Homeland Security and Emergency Services

Consumer Alert

Fireworks Remain a Serious Health Hazard and Cause of Blindness


In 1975, the American Academy of Ophthalmology officially recognized the dangers that fireworks posed to innocent persons, particularly children, and resolved to join other organizations (Prevent Blindness America, National Fire Protection Association, Fire Marshals Association of North America, and the American Academy of Pediatrics) to try to prevent fireworks injuries. Despite state legislation to control the sale and use of fireworks in 48 states and the District of Columbia, approximately 12,000 persons are treated each year in emergency departments because of fireworks-related injuries. Of these, an estimated 20% are eye injuries, mostly among children. Because these numbers do not include those individuals initially treated in ophthalmologists' offices, these estimates may underestimate the number of fireworks-related eye injuries nationally. Many of these injuries result in blindness.

To verify the size and extent of the problem, and identify potential mechanisms for reducing this terrible toll on children's vision, the American Academy of Ophthalmology organized a Fireworks Eye Injury Surveillance Project over the Fourth of July holiday, 1985. Ophthalmologists across the country were asked to report significant fireworks-related eye injuries to a centralized data bank coordinated by R. Sloan Wilson, MD, Professor of Ophthalmology at the University of Arkansas. Reports of nearly 700 injuries were received by the Academy, representing the largest number of fireworks-related eye injuries reported nationwide on a single day.

Additional data collected and analyzed on serious eye injuries by the Eye Injury Registry of Alabama during a seven-year period demonstrated that:

  • Most eye injuries were caused by "bottle rockets";
  • The average age of those injured was 15 years old;
  • Nearly half resulted in legal blindness; and
  • One in ten required surgical removal of the eye.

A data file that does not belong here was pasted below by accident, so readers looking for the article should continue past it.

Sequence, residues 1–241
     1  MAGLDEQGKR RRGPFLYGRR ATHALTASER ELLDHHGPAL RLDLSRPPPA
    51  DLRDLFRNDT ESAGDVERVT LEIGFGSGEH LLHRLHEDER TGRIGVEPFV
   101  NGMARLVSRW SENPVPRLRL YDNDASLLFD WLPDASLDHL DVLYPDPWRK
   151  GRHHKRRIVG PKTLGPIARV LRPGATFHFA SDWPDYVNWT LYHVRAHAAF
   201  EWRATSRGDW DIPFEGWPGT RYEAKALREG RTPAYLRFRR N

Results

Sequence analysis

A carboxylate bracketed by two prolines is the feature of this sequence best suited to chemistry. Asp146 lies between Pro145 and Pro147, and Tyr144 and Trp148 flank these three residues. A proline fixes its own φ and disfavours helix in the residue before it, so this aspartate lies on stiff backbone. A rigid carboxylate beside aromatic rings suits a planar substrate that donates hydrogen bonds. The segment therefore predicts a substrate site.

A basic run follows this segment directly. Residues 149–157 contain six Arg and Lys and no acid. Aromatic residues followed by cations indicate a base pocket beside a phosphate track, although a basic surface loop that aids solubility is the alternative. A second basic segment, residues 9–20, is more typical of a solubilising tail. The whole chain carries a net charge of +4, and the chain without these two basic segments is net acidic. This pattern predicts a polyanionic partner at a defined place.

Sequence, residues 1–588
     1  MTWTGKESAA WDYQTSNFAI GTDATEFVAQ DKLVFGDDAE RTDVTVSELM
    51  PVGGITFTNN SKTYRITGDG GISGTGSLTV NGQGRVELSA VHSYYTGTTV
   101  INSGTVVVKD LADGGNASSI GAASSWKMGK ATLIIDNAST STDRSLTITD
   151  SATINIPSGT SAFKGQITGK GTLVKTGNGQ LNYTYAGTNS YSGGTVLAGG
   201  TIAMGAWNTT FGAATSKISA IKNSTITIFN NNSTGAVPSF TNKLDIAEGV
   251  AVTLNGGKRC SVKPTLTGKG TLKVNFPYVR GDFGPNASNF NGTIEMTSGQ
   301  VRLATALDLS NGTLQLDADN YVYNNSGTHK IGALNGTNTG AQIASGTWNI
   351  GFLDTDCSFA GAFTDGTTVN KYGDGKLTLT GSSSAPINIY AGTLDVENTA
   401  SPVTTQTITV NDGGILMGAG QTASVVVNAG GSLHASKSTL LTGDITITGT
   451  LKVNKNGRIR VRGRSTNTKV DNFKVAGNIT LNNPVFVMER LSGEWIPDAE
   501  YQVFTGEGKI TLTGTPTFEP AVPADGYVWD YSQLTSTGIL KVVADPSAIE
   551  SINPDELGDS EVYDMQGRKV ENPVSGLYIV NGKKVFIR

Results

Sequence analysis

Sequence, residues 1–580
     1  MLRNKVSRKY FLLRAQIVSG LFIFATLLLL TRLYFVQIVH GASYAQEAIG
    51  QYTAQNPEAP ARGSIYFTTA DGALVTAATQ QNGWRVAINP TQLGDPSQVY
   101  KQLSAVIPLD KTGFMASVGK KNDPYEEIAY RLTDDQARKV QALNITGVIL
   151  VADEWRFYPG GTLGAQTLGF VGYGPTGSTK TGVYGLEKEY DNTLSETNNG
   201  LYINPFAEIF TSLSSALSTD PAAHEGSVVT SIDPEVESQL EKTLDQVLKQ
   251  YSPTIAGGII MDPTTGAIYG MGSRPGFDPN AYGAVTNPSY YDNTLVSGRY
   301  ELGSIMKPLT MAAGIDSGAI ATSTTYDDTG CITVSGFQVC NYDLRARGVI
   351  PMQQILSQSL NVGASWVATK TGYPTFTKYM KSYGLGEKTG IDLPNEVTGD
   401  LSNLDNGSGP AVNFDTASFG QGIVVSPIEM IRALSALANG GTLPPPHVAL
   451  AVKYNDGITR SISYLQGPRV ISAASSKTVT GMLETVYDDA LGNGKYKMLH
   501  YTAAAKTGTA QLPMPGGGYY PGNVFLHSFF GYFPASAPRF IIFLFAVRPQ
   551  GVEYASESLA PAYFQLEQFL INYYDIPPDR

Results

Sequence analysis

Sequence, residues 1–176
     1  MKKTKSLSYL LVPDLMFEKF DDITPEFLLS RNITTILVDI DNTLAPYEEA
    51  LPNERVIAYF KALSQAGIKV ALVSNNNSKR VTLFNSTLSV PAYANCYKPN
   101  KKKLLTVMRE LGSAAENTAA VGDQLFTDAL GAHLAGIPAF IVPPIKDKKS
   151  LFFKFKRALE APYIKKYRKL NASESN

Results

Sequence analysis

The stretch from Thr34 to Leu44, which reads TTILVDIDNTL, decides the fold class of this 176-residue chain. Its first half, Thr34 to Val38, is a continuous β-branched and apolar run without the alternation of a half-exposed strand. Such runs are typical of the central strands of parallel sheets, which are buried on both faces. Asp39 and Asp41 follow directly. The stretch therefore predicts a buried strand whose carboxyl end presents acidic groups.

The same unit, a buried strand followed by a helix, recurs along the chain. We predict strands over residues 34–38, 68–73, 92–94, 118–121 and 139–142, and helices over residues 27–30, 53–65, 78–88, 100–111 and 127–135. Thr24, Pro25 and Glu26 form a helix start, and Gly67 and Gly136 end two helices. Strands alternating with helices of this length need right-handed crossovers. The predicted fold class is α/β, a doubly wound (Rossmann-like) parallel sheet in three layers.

Ongoing studies by the United States Eye injury Registry confirm the following critical points:

  1. Large numbers of serious eye injuries still occur every year from fireworks.
  2. More than three-quarters occur during the Fourth of July holiday.
  3. Three-quarters of all injuries are to males.
  4. Nearly half of those injured are bystanders.
  5. The single most dangerous type of fireworks is small bottle rockets.
  6. Bottle rocket injuries are reported from states which have abandoned their sale.


It is obvious that fireworks injuries require nationwide attention if large numbers of blinding injuries are to be prevented. Since state and local legislative controls may be inadequate, a short-term emergency strategy must rely on widespread media publicity, warning children and adults of all states of the dangers of fireworks, particularly from the use of bottle rockets, to participant and bystander alike. This strategy should be concentrated during high risk periods, such as during the Fourth of July holiday. A long-term strategy would aim to effect better control over the sale and private use of fireworks by strengthening and better implementing of existing legislation, and by extending legislation to those states presently without it. Efforts should be targeted at the most dangerous forms of fireworks, particularly bottle rockets.


  1. Adults and children should celebrate the Fourth of July by attending a professional fireworks display -- the safest way to enjoy fireworks.


  2. Legislators and the public must be educated on the dangers of bottle rockets and other fireworks, particularly during the Fourth of July holiday.


  3. Organizations such as Prevent Blindness America, National Fire Protection Association, Fire Marshals Association of North America, the American Academy of Pediatrics, and other relevant local, state and national groups must be vigilant in promoting legislation to outlaw bottle rockets and restrict the use of less dangerous fireworks.

For further information, contact:

P.O. Box 7424
San Francisco, CA 94120-7424
(415) 561-8500